An autoimmune disease is a medical condition in which the body stops distinguishing between its native and foreign cells. There’s been an uptick in discussions in recent years among medical professionals about the more than 80 autoimmune diseases.
Some common autoimmune diseases include rheumatoid arthritis, psoriasis, psoriatic arthritis, thyroid disorders and lupus. Women are most affected by these conditions, and each disease can affect patients in different ways.
Symptoms that individuals with autoimmune diseases endure
No two patients experience exactly the same symptoms. Various factors, including a person’s health, genetics, and environment, may impact the symptoms a patient develops.
Individuals with autoimmune diseases essentially experience an overactive immune system, which often results in them feeling fatigued, having digestive issues or abdominal discomfort, swollen glands, recurring fever, and joint swelling and pain.
Those with rheumatoid arthritis or lupus often experience joint pain. Psoriasis can leave someone with scaly patches on their skin. A thyroid condition such as Grave’s disease may cause a patient to produce too much or little of certain hormones. Many people with autoimmune disorders experience organ, joint and skin damage.
Increased risk factors for autoimmune diseases
Individuals who smoke are more likely to receive a multiple sclerosis, rheumatoid arthritis, hyperthyroidism or lupus diagnosis than those who don’t. Taking blood pressure medications and some antibiotics can also increase a person’s risk for developing an autoimmune disease.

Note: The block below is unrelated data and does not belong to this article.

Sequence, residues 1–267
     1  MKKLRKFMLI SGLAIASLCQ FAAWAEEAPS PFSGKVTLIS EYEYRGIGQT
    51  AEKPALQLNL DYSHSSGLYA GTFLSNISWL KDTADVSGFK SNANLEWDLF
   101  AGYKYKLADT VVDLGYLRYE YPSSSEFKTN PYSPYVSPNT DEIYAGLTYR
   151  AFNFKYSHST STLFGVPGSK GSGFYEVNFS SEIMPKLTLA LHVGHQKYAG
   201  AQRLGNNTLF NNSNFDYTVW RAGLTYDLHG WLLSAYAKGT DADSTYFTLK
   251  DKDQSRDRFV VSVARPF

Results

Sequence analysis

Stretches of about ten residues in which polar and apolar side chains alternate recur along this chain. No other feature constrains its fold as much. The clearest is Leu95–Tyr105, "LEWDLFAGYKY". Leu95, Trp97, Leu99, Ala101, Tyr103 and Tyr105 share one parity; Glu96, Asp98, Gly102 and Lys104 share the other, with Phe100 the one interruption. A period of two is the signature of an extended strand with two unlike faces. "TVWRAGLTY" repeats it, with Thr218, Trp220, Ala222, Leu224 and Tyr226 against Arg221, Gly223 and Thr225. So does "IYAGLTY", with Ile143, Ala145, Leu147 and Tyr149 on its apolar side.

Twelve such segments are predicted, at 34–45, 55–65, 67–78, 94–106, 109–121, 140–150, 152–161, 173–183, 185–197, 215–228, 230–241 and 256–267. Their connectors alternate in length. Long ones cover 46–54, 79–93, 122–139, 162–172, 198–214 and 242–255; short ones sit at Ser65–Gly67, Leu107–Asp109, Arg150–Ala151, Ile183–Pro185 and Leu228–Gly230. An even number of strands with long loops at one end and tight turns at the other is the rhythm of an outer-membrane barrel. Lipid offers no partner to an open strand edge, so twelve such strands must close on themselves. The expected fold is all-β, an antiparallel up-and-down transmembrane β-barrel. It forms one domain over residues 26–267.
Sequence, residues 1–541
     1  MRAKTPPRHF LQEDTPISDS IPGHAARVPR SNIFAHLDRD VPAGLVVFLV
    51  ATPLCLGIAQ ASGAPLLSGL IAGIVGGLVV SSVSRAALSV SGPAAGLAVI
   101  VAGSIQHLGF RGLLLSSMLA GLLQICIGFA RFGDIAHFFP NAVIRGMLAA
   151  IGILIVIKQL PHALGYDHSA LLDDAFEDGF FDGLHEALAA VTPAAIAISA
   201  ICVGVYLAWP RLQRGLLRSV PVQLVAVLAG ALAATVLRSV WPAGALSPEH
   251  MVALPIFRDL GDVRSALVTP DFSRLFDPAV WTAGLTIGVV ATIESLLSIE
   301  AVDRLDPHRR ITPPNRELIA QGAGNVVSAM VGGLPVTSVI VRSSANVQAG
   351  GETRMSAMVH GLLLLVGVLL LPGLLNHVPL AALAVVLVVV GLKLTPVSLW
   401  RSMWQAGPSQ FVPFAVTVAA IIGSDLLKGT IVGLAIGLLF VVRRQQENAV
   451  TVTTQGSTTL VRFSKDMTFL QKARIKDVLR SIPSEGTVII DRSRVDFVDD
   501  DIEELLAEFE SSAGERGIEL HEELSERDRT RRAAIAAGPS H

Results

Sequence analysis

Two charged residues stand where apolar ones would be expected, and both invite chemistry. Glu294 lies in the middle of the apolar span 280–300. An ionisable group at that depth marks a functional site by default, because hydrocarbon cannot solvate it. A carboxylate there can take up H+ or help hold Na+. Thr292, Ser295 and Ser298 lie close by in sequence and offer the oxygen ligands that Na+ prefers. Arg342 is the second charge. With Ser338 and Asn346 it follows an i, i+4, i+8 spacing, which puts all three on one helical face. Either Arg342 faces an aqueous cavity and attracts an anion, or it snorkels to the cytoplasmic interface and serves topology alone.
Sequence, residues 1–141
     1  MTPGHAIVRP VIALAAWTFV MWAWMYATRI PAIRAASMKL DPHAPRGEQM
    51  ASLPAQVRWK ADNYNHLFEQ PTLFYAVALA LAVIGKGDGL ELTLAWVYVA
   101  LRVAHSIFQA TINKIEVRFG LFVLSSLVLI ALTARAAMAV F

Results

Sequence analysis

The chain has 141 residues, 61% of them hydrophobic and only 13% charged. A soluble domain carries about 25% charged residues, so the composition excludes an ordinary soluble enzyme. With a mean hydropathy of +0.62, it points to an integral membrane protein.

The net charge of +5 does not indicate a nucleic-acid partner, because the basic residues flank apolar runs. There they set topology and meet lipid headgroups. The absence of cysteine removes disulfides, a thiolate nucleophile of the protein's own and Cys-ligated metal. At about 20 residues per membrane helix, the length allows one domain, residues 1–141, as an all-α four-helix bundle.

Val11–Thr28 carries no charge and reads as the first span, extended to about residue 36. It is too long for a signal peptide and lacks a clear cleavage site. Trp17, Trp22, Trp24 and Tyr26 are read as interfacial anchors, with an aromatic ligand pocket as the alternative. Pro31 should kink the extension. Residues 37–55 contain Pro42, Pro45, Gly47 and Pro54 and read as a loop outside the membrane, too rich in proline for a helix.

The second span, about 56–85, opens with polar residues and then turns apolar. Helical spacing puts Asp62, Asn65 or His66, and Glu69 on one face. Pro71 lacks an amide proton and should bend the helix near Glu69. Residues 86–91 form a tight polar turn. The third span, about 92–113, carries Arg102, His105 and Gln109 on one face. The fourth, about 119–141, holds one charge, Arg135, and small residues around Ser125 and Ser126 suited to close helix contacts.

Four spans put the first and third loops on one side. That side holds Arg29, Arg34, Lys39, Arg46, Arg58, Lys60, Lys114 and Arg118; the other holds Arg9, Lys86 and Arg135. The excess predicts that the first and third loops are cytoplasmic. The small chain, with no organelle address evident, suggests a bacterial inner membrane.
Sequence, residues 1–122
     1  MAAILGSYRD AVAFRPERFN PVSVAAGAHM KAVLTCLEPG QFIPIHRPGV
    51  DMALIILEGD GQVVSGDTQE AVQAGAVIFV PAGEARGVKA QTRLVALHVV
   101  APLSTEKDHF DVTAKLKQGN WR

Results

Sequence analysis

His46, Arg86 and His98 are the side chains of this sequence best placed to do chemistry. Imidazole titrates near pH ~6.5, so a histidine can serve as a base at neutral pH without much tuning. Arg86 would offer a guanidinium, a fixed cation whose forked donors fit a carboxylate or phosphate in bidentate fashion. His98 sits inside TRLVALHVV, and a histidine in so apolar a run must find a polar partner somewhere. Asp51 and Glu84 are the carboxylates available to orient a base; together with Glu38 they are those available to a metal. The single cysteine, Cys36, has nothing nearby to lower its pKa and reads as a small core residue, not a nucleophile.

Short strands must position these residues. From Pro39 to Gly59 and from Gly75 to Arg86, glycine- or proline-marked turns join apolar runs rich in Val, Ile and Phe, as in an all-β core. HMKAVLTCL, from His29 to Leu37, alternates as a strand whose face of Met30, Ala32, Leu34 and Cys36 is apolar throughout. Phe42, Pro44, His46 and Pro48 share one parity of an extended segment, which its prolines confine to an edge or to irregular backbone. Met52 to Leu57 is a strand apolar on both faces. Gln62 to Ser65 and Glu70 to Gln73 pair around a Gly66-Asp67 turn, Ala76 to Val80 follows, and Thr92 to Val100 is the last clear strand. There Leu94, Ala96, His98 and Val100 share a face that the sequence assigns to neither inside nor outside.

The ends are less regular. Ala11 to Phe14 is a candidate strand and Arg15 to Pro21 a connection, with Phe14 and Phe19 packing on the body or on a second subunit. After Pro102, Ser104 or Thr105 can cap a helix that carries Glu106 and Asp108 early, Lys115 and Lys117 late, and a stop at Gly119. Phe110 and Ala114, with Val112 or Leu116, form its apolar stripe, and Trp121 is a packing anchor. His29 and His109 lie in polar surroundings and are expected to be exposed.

Overweight and obese individuals have a stronger likelihood of developing psoriatic arthritis or rheumatoid arthritis than someone who’s average weight. The increase in fatty tissue and excess weight that sits on a heavier person’s joints puts them at a higher risk for inflammation in certain parts of their bodies.
In many cases, however, the cause of autoimmune disorders may simply be genetic — or unknown. That’s what can make them so frustrating for patients. You can do everything right and still develop an autoimmune condition.
Your options if you have a debilitating autoimmune disease
Some individuals can manage their autoimmune symptoms by taking medications or therapies or by making lifestyle changes. Others have such severe symptoms that they’re unable to remain gainfully employed.
You may find it helpful to discuss your situation with a Social Security Disability attorney if your symptoms are particularly debilitating. Your Grand Rapids lawyer may advise you of how applying for disability benefits here in Michigan could help you afford your necessities, given how you’re unable to work.